Stars: William Holden, Kay Lenz, Roger C. Carmel
Director: Clint Eastwood
Genre: Romantic Drama
One of Clint Eastwood's largely forgotten directorial efforts, Breezy is a cultural time capsule--a sweet little May-December romance with undertones of Hollywood's dismissive attitude toward the hippie counterculture of the day.
Kay Lenz is the free-spirited "Breezy," and as the nickname would suggest, the opening scene finds her trying to tiptoe out the door on some dude she's just spent the night with, giving us the first of numerous T&A shots that she will benevolently bestow upon us throughout the film. (Reminding us poor silicone-bombarded lads of the twenty-first century how beautiful a woman's NATURAL breasts can be when they don't look like two identical over-inflated party balloons!)
While hitchhiking, Breezy gets picked up by this perv guy who broad brushes the whole counter culture movement of the sixties and early seventies as a bunch of "hippie-dippies,"
while simultaneously trying to put the moves on her. She has to bail on the guy, and ends up outside the Laurel Canyon digs of real estate agent Frank Harmon (William Holden). Frank is initially stand-offish to her--he's gone through a devastating divorce, and anyway, as he notes in one scene, he's twice her age. An understatement because Holden was 55 in 1973, (and actually looked over sixty) and Kay Lenz was 20, playing a character who is ostensibly 18 or 19.
Anyway, she keeps coming back, hanging around, and slipping in and out of her duds in front of him to take a shower and stuff-- in that cavalier manner that chicks had back then (oh, for the good old days) and before you know it--convention be damned-- they've got a thang goin' on.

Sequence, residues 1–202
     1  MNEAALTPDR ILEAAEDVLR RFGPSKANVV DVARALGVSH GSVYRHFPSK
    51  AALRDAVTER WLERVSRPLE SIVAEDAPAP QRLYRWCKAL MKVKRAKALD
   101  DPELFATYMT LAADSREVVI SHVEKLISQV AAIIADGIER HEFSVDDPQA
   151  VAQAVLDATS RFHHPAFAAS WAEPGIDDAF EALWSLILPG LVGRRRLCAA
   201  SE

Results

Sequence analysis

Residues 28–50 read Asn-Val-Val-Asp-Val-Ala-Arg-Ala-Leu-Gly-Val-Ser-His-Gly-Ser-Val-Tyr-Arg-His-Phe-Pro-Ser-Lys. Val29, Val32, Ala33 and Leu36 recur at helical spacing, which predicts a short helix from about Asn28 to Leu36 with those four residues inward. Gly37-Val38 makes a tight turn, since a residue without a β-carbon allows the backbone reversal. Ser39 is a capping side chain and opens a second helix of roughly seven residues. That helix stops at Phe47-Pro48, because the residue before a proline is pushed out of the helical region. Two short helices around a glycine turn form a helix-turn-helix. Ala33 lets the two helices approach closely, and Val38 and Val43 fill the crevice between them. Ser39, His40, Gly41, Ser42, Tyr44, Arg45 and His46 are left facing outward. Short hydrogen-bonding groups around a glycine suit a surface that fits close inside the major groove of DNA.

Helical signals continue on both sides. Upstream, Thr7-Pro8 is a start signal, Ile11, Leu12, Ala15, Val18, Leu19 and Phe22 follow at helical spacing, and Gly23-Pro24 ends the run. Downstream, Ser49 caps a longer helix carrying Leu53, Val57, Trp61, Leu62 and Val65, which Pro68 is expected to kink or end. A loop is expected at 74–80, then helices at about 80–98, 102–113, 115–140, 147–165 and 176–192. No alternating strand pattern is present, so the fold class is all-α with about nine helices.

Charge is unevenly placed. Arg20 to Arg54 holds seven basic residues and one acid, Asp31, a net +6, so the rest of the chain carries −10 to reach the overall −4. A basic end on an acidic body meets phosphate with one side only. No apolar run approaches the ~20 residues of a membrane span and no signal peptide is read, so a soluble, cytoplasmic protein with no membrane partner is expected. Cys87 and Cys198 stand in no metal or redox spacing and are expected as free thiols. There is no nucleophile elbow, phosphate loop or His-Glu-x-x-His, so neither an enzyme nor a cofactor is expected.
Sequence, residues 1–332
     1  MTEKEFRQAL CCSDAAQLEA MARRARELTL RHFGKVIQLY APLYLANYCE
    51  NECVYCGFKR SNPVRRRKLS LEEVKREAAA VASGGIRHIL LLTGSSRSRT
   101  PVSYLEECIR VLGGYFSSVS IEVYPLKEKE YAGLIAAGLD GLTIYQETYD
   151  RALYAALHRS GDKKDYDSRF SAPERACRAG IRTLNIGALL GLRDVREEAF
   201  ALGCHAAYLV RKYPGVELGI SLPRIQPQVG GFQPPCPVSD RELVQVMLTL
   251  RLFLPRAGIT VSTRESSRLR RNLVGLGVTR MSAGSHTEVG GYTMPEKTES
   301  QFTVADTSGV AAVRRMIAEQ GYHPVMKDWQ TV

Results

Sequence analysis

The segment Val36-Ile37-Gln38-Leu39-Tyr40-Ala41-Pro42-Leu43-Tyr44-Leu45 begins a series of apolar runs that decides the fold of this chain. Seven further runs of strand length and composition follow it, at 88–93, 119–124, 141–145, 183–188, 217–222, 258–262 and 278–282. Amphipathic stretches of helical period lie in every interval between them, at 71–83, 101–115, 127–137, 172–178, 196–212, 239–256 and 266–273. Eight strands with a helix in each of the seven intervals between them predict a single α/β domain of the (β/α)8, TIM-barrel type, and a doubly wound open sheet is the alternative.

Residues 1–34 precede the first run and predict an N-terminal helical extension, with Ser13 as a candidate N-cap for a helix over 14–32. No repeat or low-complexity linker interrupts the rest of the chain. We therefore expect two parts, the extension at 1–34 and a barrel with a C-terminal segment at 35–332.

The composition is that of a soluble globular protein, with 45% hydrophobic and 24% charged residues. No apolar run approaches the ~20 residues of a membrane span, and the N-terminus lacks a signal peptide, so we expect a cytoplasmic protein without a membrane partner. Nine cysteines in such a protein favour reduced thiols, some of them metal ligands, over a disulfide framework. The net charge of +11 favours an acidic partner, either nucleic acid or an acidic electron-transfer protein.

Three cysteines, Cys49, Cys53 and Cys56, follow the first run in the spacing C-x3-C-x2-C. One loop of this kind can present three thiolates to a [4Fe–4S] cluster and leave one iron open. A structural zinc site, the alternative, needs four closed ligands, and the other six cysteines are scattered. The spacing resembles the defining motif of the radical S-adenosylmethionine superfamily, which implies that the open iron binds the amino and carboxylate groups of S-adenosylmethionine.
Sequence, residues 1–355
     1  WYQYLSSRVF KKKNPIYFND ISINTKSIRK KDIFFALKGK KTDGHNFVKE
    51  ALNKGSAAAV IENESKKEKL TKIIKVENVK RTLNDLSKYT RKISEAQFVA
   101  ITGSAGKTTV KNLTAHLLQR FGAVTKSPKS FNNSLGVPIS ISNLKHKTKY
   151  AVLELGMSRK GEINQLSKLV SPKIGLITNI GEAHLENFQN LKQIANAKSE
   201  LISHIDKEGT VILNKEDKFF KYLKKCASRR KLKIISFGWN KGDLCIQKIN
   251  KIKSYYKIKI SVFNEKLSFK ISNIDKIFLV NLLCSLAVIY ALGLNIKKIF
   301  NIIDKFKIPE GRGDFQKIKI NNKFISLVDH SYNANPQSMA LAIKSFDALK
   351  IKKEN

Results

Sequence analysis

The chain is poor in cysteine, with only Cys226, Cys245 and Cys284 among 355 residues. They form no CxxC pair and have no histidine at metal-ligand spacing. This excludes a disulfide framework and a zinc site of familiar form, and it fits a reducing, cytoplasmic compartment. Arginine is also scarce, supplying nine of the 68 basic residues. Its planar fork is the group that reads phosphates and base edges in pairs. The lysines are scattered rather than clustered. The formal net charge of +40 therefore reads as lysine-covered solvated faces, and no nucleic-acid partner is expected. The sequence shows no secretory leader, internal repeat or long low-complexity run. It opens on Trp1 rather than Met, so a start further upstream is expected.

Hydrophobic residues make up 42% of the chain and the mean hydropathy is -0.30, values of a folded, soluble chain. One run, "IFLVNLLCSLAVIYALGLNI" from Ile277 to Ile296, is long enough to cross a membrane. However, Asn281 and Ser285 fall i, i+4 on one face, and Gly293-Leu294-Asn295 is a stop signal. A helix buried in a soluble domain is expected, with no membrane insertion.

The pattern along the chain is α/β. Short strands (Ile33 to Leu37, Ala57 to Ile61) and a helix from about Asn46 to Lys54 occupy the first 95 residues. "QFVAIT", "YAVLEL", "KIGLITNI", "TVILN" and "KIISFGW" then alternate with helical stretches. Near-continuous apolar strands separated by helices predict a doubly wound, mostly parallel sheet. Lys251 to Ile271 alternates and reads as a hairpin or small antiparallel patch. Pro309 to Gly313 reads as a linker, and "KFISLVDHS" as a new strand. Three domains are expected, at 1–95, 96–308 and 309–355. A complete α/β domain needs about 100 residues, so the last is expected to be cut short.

But Breezy is not what she seems. What she really wants is romance, commitment... and hey, Frank's upscale lifestyle wouldn't hurt either. What Frank wants is to enjoy her favors for a time, and then remind himself of what a foolish old goat he is to think that this preposterous affair could last. And that, of course, leads to the bittersweet part of Breezy .
On the surface, Kay Lenz and William Holden may have been the oddest of Hollywood's odd-couple pairings, but there was a chemistry there that seemed to work, nonetheless--especially in their sweetly erotic candle-lit bedroom scene-- giving (false) hope to all the aging lechers who still maintained hopes they might snag a wayward young thing of easy virtue like Breezy, who would be just as arbitrary about her choice of rutting mates. (Not to be confused, amidst all the election talk, with running mates.)
The acting was nothing special--Kay Lenz was still honing her skills at this point--and Holden's performance is one-dimensional, but fitting in with the overall quality of what we were accustomed to in those days because most of the actors were "acting." No directors like Jim Jarmusch around at the time. (Remember how wooden the performances seemed in those movies from the forties and fifties? It got a little better in the sixties, but still pretty spotty until the likes of Dustin Hoffman came along.)
Breezy, which could best be described as an adult style fairy tale, gets the nod as a curiosity-- sort of an anti-Easy Rider of its era, where the free-spirited flower child stands out as an oddity because she's surrounded by some real squares. Nonetheless, it's an interesting film, if for nothing else than the jaundiced-eyed snapshot of an era it presents.
With some original music by Michele Legrand.